Now, consider artificial intelligence - a system that has the capability to solve problems and learn (update on evidence). The core limitation that separates it from natural intelligence is the inability to produce novel ideas without immediate input. AI lacks something magical, something unquantifiable and impossible to reverse-engineer - that special capacity to create worlds, being imperfect, impractical, irrational - it lacks imagination.
We don't fully understand the nature of creativity and imagination, but we do know that it can be trained. It is stimulated through the simple practice of listening to storytelling. To train imagination it is not enough to observe facts. It is necessary to observe interpretations of facts, realizing that every fact carries an infinite number of possibilities when interpreted by different minds. And every new interpretation becomes a fact in itself, up until we realise that we don't even need facts to create possibilities. In "natural intelligence" the "nature" is everything and everyone surrounding us - the more variety there is to it, the more natural it is.
And now, think about what a typical oversized social network does... Someone defines the structure that is same for billions of people, walled from any inputs that they might experience under different circumstances. Further on, big networks create automations, and worse - AI-driven automations that have predefined desirable outcomes - usually revenue maximisation. Automations don't have their own sense of morality, nor they're built to acquire it through learning. In its ultimately successful form such a system is popularly represented as the Matrix - the system which dulls peoples creative capacity in exchange for a personalised comfort-zone - own Neverland for each Peter Pan of the Earth.
Such a system could still be good, actually, if only it didn't have a tendency to converge. Unfortunately, humans have biases that produce terrible outcomes without adequate natural checks and balances. Any advanced AI will feed on those biases, exploiting them to its own ends, reaffirming them and creating the ever-strengthening patterns. The worst rabbit hole ever conceived by humanity.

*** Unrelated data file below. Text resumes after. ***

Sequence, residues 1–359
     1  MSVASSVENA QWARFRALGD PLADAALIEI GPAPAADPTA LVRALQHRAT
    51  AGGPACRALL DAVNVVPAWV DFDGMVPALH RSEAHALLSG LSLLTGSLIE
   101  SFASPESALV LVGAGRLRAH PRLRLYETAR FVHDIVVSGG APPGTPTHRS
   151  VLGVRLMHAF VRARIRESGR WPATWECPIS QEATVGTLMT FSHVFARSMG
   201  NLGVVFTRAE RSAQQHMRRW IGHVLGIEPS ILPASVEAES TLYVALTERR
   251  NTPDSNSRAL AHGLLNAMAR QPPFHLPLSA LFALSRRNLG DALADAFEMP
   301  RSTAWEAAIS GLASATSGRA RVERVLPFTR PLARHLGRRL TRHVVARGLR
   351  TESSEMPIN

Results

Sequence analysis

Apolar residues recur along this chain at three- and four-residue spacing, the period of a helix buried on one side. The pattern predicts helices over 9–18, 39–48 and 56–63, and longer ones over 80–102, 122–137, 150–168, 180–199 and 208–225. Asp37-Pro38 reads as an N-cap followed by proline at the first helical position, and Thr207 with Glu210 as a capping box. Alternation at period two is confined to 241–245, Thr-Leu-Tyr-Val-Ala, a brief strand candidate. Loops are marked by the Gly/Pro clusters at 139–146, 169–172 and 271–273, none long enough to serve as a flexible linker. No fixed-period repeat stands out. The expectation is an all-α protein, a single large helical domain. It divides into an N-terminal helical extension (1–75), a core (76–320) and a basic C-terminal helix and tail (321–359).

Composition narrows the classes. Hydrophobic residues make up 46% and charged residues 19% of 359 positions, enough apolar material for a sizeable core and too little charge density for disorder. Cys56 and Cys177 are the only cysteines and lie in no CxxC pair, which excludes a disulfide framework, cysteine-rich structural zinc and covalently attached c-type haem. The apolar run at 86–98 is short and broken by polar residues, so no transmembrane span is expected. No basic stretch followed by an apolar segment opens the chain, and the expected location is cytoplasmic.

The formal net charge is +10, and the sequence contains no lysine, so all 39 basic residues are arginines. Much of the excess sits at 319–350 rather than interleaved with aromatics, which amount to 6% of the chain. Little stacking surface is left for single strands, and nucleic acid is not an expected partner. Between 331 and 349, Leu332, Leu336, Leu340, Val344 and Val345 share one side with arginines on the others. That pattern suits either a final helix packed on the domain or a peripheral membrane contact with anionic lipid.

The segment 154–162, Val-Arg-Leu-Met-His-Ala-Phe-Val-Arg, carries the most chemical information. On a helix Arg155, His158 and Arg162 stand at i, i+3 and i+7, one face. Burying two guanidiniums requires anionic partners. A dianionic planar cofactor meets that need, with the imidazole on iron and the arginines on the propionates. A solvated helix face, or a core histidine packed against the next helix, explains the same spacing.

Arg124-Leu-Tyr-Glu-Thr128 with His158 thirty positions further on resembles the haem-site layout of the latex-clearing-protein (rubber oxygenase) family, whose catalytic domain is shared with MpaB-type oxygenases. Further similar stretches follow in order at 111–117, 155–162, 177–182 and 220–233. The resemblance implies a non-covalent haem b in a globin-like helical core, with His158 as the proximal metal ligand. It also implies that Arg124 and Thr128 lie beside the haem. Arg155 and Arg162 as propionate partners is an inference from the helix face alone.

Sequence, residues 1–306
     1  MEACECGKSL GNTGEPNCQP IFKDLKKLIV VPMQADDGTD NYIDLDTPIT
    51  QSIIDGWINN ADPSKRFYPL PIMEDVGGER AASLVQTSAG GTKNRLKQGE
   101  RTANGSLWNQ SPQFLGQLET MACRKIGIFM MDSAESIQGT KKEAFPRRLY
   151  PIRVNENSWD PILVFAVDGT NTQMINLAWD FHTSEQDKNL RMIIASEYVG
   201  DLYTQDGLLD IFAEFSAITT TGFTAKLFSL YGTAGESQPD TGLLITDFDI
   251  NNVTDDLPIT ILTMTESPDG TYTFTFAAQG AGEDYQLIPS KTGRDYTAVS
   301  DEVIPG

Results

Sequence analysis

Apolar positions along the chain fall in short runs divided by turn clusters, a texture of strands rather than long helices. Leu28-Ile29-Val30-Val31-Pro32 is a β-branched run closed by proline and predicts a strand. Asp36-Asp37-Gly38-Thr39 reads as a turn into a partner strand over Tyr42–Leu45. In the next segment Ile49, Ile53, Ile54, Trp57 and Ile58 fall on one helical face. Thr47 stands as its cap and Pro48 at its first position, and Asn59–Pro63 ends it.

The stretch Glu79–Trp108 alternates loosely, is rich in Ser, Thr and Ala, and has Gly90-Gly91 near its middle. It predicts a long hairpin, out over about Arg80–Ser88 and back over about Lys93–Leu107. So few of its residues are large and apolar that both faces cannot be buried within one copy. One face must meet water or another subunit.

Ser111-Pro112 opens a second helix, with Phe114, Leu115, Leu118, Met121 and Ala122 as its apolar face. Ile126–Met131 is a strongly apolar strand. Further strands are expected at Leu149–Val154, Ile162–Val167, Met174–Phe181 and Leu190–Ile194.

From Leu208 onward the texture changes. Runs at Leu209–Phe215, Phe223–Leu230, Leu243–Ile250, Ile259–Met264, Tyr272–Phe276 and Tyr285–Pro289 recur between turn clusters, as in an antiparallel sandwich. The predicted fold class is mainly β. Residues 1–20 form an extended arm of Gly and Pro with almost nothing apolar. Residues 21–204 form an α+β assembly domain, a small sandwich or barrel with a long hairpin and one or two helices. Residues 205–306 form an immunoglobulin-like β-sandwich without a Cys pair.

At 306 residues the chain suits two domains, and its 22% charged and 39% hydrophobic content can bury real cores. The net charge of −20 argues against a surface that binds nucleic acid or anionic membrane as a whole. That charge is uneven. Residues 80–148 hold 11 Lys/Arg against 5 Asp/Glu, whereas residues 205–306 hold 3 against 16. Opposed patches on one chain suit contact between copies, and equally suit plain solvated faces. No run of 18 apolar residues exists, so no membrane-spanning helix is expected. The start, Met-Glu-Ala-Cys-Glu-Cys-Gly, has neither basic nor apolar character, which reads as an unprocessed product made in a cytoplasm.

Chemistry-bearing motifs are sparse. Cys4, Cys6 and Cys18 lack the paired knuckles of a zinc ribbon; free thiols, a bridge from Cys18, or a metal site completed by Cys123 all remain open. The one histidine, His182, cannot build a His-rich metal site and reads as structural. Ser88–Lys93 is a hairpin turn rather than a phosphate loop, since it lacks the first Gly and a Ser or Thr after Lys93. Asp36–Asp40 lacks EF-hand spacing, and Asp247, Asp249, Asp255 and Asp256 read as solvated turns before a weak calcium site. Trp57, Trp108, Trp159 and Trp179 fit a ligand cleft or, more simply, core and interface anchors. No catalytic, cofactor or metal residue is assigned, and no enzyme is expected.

Think about the most common human biases and how they are exploited:
Confirmation Bias - preference for interpretations that reaffirm pre-existing views. AI learns that we use the site more, click more ads and buy more stuff when we are exposed to information we already believe in or "like". Users are exposed to narrowed-down worldview, which is not even built to serve their wellbeing.
Groupthink Bias and Bandwagon Effect - bypassing critical evaluation in favour of group harmony. We do what our friends do, even if it's not the best thing to do. A smart system uses this to further amplify its power - recommending friends that share content most likely to produce a better financial outcome for the network, filtering out content from "underperforming" friends. It would make sure to tell you that "Your friend also liked this and that...", "Your friend also bought this and that..." - so your own personal bubble merges with someone else's near-identical bubbles - together producing homogenous bandwagons of brainwashed "friends".